02.07.2017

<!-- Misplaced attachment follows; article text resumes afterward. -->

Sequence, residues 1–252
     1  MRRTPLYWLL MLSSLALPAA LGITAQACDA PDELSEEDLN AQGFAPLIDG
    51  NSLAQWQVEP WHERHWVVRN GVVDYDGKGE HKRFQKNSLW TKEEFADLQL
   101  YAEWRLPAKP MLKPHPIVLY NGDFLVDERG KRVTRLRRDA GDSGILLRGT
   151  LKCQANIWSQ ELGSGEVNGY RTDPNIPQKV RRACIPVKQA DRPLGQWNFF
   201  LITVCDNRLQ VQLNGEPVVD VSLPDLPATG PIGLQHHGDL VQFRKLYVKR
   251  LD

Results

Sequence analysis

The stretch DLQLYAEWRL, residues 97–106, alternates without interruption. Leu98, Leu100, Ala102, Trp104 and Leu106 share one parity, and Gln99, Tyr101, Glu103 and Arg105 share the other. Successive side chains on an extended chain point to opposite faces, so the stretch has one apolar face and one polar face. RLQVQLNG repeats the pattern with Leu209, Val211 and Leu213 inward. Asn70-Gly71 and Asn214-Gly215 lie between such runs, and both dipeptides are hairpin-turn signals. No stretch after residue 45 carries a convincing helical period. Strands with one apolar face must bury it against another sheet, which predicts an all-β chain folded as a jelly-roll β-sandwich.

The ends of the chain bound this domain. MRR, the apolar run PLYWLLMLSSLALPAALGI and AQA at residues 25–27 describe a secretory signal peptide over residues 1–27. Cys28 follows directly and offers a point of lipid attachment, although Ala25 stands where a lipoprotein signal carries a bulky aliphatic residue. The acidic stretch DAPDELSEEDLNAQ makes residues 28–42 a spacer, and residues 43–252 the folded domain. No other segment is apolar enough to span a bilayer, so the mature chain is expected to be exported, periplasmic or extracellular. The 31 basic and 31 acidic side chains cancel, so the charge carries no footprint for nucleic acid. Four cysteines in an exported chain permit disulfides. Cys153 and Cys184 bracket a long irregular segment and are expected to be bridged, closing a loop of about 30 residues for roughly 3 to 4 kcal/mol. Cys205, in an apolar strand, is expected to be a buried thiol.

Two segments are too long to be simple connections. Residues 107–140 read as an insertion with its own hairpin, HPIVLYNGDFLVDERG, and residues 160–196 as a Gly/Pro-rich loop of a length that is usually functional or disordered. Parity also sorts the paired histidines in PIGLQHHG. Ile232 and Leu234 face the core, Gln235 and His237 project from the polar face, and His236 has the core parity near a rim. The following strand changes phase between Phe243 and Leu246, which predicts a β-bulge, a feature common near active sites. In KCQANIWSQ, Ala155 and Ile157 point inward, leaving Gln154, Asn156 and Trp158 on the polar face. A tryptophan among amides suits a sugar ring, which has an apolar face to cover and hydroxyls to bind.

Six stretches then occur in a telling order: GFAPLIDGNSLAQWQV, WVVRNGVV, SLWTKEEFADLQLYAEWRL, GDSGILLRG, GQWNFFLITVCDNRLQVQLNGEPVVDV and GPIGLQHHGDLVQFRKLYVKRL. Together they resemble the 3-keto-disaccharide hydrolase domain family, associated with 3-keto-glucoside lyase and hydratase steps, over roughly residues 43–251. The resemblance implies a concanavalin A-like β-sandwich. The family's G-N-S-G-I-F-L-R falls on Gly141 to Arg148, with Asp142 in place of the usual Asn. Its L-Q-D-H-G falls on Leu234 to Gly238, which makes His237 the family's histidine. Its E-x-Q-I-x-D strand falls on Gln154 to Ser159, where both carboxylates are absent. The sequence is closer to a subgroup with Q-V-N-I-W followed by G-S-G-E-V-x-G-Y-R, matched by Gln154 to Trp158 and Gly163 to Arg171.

Alice Riley